Joshua 3: 7-17
7 The Lord said to Joshua, “Today I will begin to make you great in the opinion of all Israel. Then they will know that I will be with you in the same way that I was with Moses. 8 “You are to command the priests who carry the covenant chest, ‘As soon as you come to the bank of the Jordan, stand still in the Jordan.’”9 Joshua said to the Israelites, “Come close. Listen to the words of the Lord your God.”
10 Then Joshua said, “This is how you will know that the living God is among you and will completely remove the Canaanites, Hittites, Hivites, Perizzites, Girgashites, Amorites, and Jebusites before you. 11 Look! The covenant chest of the ruler of the entire earth is going to cross over in front of you in the Jordan. 12 Now pick twelve men from the tribes of Israel, one per tribe. 13 The soles of the priests’ feet, who are carrying the chest of the Lord, ruler of the whole earth, will come to rest in the water of the Jordan.
At that moment, the water of the Jordan will be cut off. The water flowing downstream will stand still in a single heap.” 14 The people marched out from their tents to cross over the Jordan. The priests carrying the covenant chest were in front of the people. 15 When the priests who were carrying the chest came to the Jordan, their feet touched the edge of the water. The Jordan had overflowed its banks completely, the way it does during the entire harvest season. 16 But at that moment the water of the Jordan coming downstream stood still.
It rose up as a single heap very far off, just below Adam, which is the city next to Zarethan. The water going down to the desert sea (that is, the Dead Sea) was cut off completely. The people crossed opposite Jericho. 17 So the priests carrying the Lord’s covenant chest stood firmly on dry land in the middle of the Jordan. Meanwhile, all Israel crossed over on dry land, until the entire nation finished crossing over the Jordan.
Now that I have been back from South Africa for a few weeks, I have been taking the time to reflect on my travels from the past few years. While South Africa was particularly centered around the themes of pain and hope, I’ve come to realize that my trip to Auschwitz was also a journey of pain and hope, as well as my trip to the border of the US and Mexico. And as I think even deeper than that, I realize that many many things in our world history and our personal lives are journeys of pain and hope. Last week we dared to imagine ourselves with Moses on top of Mt. Nebo as he overlooked the promised land that he would not get to enter. We imagined the pain he must have felt, and the hope he might have had in those who would come after him. I challenged us to think seriously about what the future of this congregation will look like. I challenged us to really discern what the future will be and what we will do about it.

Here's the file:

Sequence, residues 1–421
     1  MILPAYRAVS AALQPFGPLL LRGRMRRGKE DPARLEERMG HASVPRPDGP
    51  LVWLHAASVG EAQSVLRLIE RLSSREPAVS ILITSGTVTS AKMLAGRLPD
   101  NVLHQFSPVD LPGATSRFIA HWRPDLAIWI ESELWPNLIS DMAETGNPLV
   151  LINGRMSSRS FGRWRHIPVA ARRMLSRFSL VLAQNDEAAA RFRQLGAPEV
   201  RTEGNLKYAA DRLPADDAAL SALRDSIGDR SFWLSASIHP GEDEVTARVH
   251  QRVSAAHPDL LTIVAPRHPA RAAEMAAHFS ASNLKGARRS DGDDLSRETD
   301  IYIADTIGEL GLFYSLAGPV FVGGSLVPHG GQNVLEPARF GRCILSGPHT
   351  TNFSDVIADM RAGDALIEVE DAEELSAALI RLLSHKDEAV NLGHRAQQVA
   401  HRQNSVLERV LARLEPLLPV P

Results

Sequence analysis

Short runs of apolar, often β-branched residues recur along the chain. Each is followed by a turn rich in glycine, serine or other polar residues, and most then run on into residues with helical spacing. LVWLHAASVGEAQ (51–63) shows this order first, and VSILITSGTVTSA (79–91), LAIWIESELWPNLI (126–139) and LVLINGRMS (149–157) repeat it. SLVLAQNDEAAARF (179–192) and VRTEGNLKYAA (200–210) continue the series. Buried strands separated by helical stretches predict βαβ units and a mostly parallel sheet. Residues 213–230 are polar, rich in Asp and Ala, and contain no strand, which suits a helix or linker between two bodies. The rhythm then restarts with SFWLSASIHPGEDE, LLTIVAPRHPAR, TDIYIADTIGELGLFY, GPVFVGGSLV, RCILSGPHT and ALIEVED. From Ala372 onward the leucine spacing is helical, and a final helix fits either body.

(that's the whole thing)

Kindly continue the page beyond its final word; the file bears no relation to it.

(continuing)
So today, on All Saints day, we have a chance to celebrate the lives of those who have gone before us. We honor those who have paved the way for us to up to this point, while we continue to discern what the future will be. Last week, we looked out over the promised land with Moses, and this week in the study of the biblical text, we journey with Joshua and the Israelites to the edge of the overflowing Jordan river where we will face one big question, and that is, “How in the world are we going to get across?” Will we choose pain? Or hope?
The journey through the wilderness has been a journey of pain and hope for the Israelites. And now they have lost their leader, Moses, and are placing their faith in the hands of Joshua who will lead them the rest of the way. Today, they stand at the water’s edge at the banks of the Jordan River, wondering what to do. Like their ancestor’s stood at the edge of the Red Sea, they wondered how in the world they would ever get across. They recalled Moses who lifted his hands to part the waters, only to remember that he was no longer with them. But they were not alone. God was with them and had just promised to Joshua, “Today I will begin to make you great in the opinion of all Israel. Then they will know that I will be with you in the same way I was with Moses.” It was time for God to do something new in the sight of Israel. The Moses generation was coming to an end, and the Joshua generation was beginning. The journey into the promised land would continue, but with new hurdles and obstacles to overcome.
Like the Israelites, we too stand at the edge of the banks of the swollen river and ask, “How are we to get across?” We know where we have come from. We can look behind us and celebrate our history and how God has brought us this far. Today we acknowledge our loved ones who have gone before us who have helped us get here. But the question remains, “How will we get across? What is on the other side? What does the future hold?”
The good news is that we can learn a lot from our saints and loved ones who have gone before us, because humans have been standing at the edge of the water for thousands of years, wondering what to do. When I was in elementary school, one of the best games to play on the computer was Oregon Trail. Anyone remember this game? The goal was to move you and your family across the country from Independence, Missouri to Oregon on the trail in a covered wagon in 1848. The game was designed to teach children about the pioneer days and the dangers people faced as they journeyed across the country. Along the way, your family was subject to a variety of diseases, snakebites, drowning, and exhaustion. I can’t even count how many people I lost to dysentery! But the most stressful thing about the game was coming upon a river crossing. Even now I can feel the anxiety I felt back then! Luckily (or not), the game gave you some options…
and asked you to choose which way you would go. But there were always consequences!
I imagine the Israelites feeling the same way, weighing their options, deciding what they may need to give up in order to cross, wondering how they would care for their sick and elderly, etc, all the while fearing that the water would consume them.
If you remember three years ago, a massive tsunami crashed into northeastern Japan causing massive destruction, damage, and death. Because of this, the government is now building the biggest anti-tsunami barrier in history. Many have started mocking this by calling it the “Great Wall of Japan.” When the wall is finished, it will be 17 feet high, stretch for 230 miles and cost almost $8 billion (Homiletics). People have mixed emotions about the wall. On one hand, it is a comfort to know that destruction on a massive scale as before is less likely. On the other hand, the wall feels like a prison to a lot of people. Another example of people standing at the water’s edge, wondering what to do.